That new feature on your Facebook app allows for location sharing with friends and a whole lot of data mining for marketing purposes.
Facebook rolled out its location-sharing feature, “Nearby Friends“, on Friday, April 18, adding a powerful new data mining weapon to its massive arsenal of data mining tools. Nearby Friends allows mobile app users to share their exact location with Facebook friends and also notifies when a friend is within the general vicinity. The feature may be turned on or off.
Through Nearby Friends’ “Location History” log, a detailed account of the user’s movement unfolds and points to a stockpile of data being cultivated by Facebook on its users.
More Data Mining For Marketing
As reported by Josh Constine of Techcrunch.com, Facebook admitted that, although the data is not currently being used for marketing, it eventually would be. Such location-sharing data could be a gold mine for advertisers targeting push-notifications to potential consumers as they wander by, say, a retail store. Constine also goes on to write that Facebook acknowledged even with the setting turned off, data is still collected as it always has in the case of location-tagging during status updates. Facebook’s data vacuum expands dramatically with Nearby Friends.
Separate from data collection, Nearby Friends can be a pretty sweet feature, offering Facebook users a built-in “FourSquare” location feature when they want to know where their friends are. But the reality is that Facebook’s motivation when rolling out any feature, as always, is data mining and collection, because their revenue and business model are based on knowing everything about all of us.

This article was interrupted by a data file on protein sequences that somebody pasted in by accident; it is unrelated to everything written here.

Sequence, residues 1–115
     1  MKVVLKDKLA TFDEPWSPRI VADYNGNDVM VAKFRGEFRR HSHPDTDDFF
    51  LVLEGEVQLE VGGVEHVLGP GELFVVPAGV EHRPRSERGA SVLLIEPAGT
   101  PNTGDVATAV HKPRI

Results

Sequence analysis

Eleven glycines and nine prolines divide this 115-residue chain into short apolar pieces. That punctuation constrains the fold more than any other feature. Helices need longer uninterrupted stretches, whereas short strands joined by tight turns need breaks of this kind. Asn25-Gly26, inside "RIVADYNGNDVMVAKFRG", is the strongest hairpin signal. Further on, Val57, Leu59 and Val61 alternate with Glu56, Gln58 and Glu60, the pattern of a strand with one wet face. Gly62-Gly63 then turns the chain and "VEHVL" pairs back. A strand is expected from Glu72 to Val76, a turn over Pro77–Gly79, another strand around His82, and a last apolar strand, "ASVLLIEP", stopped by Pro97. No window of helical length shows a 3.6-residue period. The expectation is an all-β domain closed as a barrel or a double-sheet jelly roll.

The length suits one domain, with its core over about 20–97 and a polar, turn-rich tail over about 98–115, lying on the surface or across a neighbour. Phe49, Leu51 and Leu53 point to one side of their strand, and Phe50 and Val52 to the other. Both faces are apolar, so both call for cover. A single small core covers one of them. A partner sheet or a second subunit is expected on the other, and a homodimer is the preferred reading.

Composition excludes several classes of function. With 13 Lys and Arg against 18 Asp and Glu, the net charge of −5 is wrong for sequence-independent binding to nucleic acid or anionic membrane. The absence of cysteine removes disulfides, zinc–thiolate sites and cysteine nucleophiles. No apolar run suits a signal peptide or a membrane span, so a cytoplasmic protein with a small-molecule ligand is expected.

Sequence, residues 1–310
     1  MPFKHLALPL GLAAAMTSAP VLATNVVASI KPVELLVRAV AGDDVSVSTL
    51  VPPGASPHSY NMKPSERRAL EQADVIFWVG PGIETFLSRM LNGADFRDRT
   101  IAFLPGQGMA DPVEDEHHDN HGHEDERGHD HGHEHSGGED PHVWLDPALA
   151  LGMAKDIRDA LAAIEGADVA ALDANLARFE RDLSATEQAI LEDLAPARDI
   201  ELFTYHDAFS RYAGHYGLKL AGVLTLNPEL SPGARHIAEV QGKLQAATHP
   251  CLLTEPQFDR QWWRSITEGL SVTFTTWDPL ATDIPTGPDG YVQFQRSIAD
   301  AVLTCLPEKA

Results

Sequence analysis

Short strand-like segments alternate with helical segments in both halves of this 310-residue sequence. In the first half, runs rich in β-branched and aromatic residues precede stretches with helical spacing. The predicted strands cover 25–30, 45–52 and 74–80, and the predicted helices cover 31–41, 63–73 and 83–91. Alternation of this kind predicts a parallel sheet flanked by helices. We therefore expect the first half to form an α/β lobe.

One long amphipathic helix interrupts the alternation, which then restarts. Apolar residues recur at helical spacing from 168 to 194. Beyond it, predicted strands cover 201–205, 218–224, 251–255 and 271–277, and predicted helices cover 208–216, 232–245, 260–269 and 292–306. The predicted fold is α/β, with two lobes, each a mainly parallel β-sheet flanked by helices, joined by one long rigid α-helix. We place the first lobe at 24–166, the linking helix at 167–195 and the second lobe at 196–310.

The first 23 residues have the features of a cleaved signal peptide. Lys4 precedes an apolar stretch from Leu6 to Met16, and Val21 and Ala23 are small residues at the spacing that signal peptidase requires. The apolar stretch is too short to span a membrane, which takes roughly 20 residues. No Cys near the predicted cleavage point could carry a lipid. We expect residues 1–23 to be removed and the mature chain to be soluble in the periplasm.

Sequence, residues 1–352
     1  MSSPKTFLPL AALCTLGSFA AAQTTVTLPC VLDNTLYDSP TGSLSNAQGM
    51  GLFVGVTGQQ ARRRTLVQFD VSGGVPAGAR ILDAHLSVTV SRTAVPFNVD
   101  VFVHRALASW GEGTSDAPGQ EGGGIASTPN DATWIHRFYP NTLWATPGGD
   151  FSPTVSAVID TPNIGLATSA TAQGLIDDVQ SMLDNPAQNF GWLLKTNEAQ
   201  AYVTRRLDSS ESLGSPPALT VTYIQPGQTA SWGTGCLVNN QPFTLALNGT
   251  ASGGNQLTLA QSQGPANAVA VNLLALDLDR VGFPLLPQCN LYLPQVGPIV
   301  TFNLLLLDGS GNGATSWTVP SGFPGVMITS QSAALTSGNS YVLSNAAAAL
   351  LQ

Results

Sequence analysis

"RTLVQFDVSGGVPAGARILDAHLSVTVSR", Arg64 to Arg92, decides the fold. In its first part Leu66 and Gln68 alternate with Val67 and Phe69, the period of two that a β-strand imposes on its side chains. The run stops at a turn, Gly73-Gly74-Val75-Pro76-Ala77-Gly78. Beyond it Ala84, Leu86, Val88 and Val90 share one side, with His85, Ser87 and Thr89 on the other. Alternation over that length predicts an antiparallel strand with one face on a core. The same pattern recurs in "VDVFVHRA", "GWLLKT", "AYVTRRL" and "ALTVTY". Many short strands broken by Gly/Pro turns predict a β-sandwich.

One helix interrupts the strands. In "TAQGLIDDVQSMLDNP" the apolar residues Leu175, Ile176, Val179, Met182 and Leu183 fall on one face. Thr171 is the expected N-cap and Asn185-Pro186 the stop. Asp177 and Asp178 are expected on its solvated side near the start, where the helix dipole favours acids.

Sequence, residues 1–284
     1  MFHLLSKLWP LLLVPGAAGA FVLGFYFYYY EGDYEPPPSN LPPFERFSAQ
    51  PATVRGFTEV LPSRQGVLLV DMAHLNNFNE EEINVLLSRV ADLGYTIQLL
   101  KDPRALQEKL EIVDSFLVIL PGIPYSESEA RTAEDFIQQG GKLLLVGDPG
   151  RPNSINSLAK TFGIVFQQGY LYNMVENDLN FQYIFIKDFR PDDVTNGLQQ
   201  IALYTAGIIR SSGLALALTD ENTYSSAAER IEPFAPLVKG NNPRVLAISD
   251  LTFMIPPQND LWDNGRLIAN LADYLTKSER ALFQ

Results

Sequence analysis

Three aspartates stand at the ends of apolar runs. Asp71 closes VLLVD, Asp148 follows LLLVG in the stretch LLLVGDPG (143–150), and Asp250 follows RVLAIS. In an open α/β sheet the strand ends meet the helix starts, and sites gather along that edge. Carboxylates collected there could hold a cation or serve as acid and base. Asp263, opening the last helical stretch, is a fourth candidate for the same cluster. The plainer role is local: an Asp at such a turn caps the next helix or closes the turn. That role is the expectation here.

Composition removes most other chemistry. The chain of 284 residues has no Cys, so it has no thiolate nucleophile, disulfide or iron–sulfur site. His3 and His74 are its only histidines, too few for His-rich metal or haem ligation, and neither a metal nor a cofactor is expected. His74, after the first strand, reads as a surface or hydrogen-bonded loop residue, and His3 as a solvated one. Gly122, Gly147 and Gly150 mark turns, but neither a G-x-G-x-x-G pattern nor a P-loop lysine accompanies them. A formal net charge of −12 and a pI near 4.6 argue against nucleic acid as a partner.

Today they sell marketing analyses of our individual and collective behaviors, they predict the length of our relationships, and they work hand-in-hand with the data brokers of the world to identify the most valuable data they need on us. Where we are and what we are doing minute-by-minute is the new data scraping prize. While location data mining is nothing new, consumer awareness of the vast implications of this privacy-intruding technology is just beginning.
iPhone Data Mining Discovery of 2011
In 2011, scientists Pete Warden and Alasdair Allen found a similar feature built into the iPhone while conducting nonrelated research. Three years ago, The Guardian blew the lid off this story where these two researchers accidentally stumbled across this secret function hoarding massive amounts of location data. Once transferred to a computer via ubiquitous software, the data is easily mapped out with almost pinpoint predictive accuracy.
Even in 2011, privacy advocates feared such information could provide a detailed account of someone’s daily activity, which could speculatively be used should the data land in the wrong hands. Today this fear is being realized, and we encourage Facebook members to open their eyes to the reality of how Facebook sees them: as products for data brokers and advertisers.